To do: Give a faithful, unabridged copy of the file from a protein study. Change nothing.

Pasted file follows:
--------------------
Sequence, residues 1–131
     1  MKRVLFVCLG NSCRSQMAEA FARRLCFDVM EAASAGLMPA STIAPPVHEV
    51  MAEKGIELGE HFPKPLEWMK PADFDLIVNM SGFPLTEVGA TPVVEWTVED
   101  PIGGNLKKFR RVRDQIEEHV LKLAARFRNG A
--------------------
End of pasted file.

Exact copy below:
Sequence, residues 1–131
     1  MKRVLFVCLG NSCRSQMAEA FARRLCFDVM EAASAGLMPA STIAPPVHEV
    51  MAEKGIELGE HFPKPLEWMK PADFDLIVNM SGFPLTEVGA TPVVEWTVED
   101  PIGGNLKKFR RVRDQIEEHV LKLAARFRNG A